The noisy world we live in suddenly became a whole lot quieter when the Coronavirus pandemic hit. So much so, that science journalist Andreas von Bubnoff and designer and art director Veronica Semeco decided to capture the change of the world’s soundscapes through a new initiative – the Pandemic Silence Project.
The project is a global call for and collection of sounds submitted by people from all around the world, attempting to showcase exactly what the pandemic sounds (and feels!) like where they are.
We spoke to Andreas to find out more and to get his insights on what a pandemic actually sounds like.
Q: Where did the idea for the Pandemic Silence Project come from?
It’s a long story… you could probably trace it right the way back to my childhood! In the short version though, it all started in autumn 2019, before the pandemic began.
I was doing a fellowship in Heidelberg and had a lot of time to think about journalistic projects. I had already done a lot of work around sound, so I decided that I wanted to do something next that dealt with silence – and global silences in particular.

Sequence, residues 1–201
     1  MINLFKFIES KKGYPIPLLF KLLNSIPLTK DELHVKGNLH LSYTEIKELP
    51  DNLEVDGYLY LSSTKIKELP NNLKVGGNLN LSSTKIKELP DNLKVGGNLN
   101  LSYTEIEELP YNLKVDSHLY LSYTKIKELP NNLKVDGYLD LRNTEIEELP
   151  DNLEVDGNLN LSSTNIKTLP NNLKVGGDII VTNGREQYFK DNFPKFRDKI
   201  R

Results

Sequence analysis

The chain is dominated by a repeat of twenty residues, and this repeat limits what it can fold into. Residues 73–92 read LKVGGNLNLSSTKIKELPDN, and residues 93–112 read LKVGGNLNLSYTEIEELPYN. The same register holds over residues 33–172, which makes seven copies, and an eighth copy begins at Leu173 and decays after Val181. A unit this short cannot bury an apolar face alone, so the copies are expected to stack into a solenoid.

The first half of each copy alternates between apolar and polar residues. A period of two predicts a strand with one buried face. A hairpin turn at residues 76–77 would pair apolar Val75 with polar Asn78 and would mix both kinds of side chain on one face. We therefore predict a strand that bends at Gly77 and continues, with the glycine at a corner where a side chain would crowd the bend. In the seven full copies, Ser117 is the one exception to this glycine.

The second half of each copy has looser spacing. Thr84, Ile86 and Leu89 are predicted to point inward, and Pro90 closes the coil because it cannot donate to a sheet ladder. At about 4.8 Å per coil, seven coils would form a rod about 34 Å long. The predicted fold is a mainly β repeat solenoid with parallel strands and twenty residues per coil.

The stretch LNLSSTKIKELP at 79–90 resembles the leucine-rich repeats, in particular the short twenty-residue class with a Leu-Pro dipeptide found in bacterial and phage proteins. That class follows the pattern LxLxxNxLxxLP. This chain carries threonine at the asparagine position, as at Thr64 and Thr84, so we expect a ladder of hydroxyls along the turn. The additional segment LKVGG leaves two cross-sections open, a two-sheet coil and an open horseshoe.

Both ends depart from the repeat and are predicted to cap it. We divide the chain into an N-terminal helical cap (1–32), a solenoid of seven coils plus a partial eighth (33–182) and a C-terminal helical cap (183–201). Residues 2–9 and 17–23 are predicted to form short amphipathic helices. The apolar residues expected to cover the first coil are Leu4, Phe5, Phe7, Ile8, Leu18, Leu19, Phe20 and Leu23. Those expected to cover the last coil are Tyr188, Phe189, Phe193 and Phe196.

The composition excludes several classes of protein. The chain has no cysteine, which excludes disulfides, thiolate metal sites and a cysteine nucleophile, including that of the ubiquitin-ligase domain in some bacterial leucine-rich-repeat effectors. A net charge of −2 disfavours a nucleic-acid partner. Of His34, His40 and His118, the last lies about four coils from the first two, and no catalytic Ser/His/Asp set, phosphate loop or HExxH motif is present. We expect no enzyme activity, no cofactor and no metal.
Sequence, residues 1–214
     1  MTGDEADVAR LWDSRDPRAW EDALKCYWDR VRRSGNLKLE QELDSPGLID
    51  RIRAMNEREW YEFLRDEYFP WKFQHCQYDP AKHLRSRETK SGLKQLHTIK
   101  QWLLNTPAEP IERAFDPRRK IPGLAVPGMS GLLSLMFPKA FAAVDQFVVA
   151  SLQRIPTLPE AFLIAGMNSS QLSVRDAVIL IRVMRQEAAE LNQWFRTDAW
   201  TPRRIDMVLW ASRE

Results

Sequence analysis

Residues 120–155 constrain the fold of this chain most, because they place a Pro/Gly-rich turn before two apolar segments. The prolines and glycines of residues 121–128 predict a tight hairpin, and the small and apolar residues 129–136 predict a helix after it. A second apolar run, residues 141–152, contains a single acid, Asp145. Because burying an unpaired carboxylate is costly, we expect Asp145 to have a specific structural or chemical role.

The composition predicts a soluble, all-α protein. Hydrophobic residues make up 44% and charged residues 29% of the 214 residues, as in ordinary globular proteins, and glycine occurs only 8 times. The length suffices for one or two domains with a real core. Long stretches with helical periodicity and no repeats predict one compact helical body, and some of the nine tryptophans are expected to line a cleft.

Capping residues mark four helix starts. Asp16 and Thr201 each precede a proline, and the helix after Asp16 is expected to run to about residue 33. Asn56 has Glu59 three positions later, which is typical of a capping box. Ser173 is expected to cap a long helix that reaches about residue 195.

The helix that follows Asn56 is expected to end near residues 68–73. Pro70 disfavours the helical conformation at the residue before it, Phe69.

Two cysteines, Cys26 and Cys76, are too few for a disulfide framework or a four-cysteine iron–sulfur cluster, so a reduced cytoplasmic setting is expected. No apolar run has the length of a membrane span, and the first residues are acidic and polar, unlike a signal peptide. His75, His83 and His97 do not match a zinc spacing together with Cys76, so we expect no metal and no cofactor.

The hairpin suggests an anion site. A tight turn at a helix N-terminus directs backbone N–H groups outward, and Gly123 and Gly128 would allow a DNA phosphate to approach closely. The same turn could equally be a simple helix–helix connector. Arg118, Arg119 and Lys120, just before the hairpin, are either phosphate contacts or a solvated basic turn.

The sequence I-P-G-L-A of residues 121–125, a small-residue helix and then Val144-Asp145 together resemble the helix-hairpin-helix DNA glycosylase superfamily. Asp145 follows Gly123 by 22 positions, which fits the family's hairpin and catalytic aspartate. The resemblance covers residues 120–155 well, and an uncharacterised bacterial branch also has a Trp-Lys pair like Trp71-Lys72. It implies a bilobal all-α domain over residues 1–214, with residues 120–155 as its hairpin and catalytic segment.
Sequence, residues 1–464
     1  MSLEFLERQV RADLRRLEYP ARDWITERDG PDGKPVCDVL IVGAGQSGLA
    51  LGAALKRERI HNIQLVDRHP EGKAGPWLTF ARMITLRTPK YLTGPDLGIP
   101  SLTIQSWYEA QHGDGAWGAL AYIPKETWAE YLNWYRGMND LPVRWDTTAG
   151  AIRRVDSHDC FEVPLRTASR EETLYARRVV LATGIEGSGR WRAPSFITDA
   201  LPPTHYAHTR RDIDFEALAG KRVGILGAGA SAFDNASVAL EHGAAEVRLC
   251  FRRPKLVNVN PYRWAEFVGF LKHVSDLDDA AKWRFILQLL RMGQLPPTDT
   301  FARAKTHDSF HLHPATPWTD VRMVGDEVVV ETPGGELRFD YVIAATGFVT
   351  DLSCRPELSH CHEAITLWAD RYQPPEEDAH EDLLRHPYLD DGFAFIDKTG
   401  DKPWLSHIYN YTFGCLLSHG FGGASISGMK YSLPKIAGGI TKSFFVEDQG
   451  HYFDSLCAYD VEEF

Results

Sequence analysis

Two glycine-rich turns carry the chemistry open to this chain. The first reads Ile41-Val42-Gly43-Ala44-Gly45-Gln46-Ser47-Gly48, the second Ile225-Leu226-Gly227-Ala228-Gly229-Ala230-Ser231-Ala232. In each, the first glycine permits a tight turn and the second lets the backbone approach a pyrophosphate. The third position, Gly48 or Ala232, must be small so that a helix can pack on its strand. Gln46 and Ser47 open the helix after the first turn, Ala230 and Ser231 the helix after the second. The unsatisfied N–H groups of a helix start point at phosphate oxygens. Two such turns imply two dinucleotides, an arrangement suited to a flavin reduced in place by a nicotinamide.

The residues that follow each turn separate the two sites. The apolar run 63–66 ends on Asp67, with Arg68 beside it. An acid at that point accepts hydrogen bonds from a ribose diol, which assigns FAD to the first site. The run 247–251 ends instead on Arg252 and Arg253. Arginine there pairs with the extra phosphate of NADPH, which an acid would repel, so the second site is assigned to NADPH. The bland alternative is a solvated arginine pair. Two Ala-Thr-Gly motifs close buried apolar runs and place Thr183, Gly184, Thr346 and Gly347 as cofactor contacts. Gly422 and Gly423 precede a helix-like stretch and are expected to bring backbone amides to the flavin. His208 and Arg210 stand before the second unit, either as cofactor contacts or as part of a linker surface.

I had seen stories about how whales were less stressed following the attacks of September 11 in New York City because there was less noise. So, I kept thinking: ‘why not do something on September 11?’ The problem was, it was really difficult to get hold of any footage showing how quiet everything was during that time. So, I kind of gave up on it.
Not long after, the pandemic struck. At the time, I was teaching in Cambodia and life was as normal there as ever. When I came back to Germany though, everything was already in lockdown – everything was empty. I was so struck by that.
We just said, my wife and I, ‘we have to do this project now’. So that’s how it started. She designs everything – she knows what’s pretty – and I write about things. So I guess we’re a great team!
Q: Was it hard to get the project off the ground so quickly?
Yes! It was just the two of us creating a website to start with and doing it on the side. We didn’t have any funding, so it was a bit rough!
But we’re still at it, we’re still collecting sounds – now also of the world reopening. And we have someone helping us with social media now too. The plan is to eventually turn this into an exhibition online and hopefully even in real life.